In any event, the highlight here is probably the character designs by CLAMP, because otherwise this is a fairly straightforward attempt to continue to make anime series based on people playing trading card games. Everyone's look hearkens back to a slightly earlier period of CLAMP's art, and while there are definitely some familiar-looking designs, they're all really appealing and have a variety of interesting costumes, which is important not just for the frilly outfit Yu-yu's in, but because part of the thrill of playing Vanguard is getting dressed up for the show. And it is a show – the players have taken over an abandoned amusement park (which must have still been creepy in its heyday), strung up lights, and created an arena for themselves. That's a fun idea, and it has the thrill of taking place somewhere at least mildly illicit (although one member of the group is a cop, so maybe not) and appealingly decayed. It just makes the whole game feel more special, like a TCG-based version of Zilpha Keatly Snyder's classic The Egypt Game.

Things fall apart when we look at the episode in terms of story and the card fight. Yu-yu spends most of the episode being uncomfortable and awkward, first because of his sisters and later because he keeps getting hit on by a sleazy guy, not to mention his new friend Megumi thinking he's a girl and happy to have made a “girl” friend. The card battle, unlike many other similar shows, is primarily shown simply as two guys playing cards; there is a shift to making things look like an actual physical fight towards the end, but for the most part it's just slapping cards down and picking them up, which isn't all that exciting. Attempts to narrate the fight only make it worse – the announcer is so damn annoying that I actually yelled at her to shut up, and I'm not a talk-to-the-TV kind of person. But what's worse is really the decision to make the card fights mostly just playing cards, which seems like it could run the very real risk of alienating the intended younger audience; I know I wouldn't have sat still for that in elementary or middle school. This is pretty to look at, but not so much fun to watch.

Nicholas Dupree

Up front, I am a total newbie to the Cardfight!! Vanguard series. I recognize the name, and can assume from there that it's built around a collectible card game, but other than that I am fumbling in the dark. And if you are like me, then this ostensibly newbie-friendly entry will largely leave you still stumbling through the ether, but now with even more questions about what this apparently storied and long-running franchise has been like all this time.

Because yes, this is seemingly a brand new cast of characters in a new setting, and there's nothing here to suggest any familiarity with past seasons is necessary to figure out who's who and what's what. Yu-yu is an anxious young boy who can't say “no” to anyone, and his overbearing sisters dress him up in girls' clothes for fun – and he of course spends the rest of the episode in that getup with everyone mistaking him for a girl until the tired comedic reveal at the very end. The rest of our cast are supposedly very good at the central card game, and they get all decked out in cool costumes before going to play in an abandoned amusement park. All of this is fairly understandable in the idiosyncratic world of card game anime, and while decidedly low-tech compared to where the Yu-Gi-Oh! franchise has wound up, it's all pretty legible if you can suspend your disbelief far enough to roll with it.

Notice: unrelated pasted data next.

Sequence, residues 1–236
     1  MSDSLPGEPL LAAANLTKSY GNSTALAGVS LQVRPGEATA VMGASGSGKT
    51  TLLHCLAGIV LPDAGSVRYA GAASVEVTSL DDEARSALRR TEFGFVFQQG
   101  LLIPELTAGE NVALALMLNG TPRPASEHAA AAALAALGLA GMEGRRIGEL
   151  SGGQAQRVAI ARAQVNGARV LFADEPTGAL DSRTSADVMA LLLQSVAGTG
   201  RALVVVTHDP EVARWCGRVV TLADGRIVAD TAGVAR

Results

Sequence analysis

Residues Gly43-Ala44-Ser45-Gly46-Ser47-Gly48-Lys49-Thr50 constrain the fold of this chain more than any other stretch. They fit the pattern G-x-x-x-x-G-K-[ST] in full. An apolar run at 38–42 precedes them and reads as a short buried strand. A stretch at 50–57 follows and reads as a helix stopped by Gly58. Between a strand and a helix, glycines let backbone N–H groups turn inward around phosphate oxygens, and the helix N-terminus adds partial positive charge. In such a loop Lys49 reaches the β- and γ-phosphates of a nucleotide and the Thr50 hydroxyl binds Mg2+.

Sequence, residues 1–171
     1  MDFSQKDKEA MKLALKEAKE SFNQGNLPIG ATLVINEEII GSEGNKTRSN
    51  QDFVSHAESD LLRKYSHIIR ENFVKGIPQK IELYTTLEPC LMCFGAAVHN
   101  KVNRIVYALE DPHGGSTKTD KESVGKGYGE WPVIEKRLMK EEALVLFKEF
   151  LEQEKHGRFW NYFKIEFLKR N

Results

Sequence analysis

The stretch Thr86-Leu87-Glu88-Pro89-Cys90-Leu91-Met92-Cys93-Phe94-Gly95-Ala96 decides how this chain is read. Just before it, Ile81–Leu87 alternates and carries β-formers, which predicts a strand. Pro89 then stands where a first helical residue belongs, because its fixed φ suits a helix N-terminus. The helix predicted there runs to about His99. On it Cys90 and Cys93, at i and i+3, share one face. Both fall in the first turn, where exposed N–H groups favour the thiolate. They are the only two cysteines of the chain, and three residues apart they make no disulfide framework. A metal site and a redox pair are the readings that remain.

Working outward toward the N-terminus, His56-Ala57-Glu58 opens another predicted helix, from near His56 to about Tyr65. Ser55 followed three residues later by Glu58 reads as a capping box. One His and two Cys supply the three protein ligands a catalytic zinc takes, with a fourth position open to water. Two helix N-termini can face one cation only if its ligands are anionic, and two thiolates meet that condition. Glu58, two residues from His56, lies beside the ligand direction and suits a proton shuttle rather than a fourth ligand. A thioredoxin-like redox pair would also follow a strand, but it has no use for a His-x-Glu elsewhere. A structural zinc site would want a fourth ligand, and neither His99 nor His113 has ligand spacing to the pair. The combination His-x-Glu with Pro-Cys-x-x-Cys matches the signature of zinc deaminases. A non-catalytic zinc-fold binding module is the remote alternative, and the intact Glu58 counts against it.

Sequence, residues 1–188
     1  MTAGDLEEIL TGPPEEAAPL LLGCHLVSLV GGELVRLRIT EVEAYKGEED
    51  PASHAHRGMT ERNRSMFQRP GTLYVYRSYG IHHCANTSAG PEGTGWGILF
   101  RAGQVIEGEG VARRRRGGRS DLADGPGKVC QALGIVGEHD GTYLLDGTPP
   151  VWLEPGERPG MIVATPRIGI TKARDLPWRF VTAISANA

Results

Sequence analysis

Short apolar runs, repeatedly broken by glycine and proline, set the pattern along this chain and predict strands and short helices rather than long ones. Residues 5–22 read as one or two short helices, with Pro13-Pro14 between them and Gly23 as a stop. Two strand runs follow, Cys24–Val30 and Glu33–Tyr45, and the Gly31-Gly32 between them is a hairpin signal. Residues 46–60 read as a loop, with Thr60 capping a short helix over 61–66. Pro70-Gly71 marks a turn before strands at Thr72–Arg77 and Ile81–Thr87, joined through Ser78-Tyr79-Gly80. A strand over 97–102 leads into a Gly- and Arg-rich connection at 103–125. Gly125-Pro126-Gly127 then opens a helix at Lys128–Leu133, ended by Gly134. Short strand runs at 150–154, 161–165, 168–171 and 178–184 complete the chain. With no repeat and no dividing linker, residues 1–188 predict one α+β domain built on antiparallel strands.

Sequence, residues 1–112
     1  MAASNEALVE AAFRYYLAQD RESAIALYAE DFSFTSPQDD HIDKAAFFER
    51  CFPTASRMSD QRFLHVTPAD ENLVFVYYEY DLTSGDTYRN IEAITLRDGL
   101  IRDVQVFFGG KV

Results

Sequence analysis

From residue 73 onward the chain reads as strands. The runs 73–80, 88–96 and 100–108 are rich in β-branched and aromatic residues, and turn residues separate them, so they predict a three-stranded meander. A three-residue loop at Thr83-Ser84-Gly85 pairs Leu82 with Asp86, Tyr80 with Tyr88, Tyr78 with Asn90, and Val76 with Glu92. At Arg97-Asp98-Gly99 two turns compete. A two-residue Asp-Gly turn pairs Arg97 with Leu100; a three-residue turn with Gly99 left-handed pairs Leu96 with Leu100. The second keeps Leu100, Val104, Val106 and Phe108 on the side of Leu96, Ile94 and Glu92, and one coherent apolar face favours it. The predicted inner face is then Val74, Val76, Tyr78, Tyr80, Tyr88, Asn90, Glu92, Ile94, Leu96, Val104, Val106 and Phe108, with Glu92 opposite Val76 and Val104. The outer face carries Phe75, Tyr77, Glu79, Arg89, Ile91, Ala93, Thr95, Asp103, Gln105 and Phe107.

The problem, however, is that this show absolutely expects you to know how the holy hell the card game works. There are no explanations for anything, there's no commentary from the side cast to tell us how well or poorly the climactic card game is being played, and it all moves so quickly and mundanely that it almost feels like somebody left the episode on 2x speed without realizing. The whole thing crescendos in a big, loud, extravagantly animated battle between two players in the guise of their monster cards, and while it looks really neat in isolation it also left me more confused than ever. The result is a sensation probably similar to making a caveman watch Double Dare: leave it on long enough and one might start to piece together the basic gist, but it'll be an altogether baffling experience that leaves more questions than answers.

In a sense it kind of feels unfair to pass any real judgment on this premiere. I am just so diametrically not its audience that it seems akin to critiquing a book written in a language I can't read. But if nothing else I can judge the parts of the episode that aren't esoteric trading card rules, and in that capacity this show is perfectly mediocre. The characters are likable enough but not terribly memorable. Production values are fine and soar during the aforementioned duel scene, and character designs are solid if generic. For established fans I can't speak to whether this will be an invigorating or disappointing debut, but as a neophyte I can only beg for a life raft and a rule book.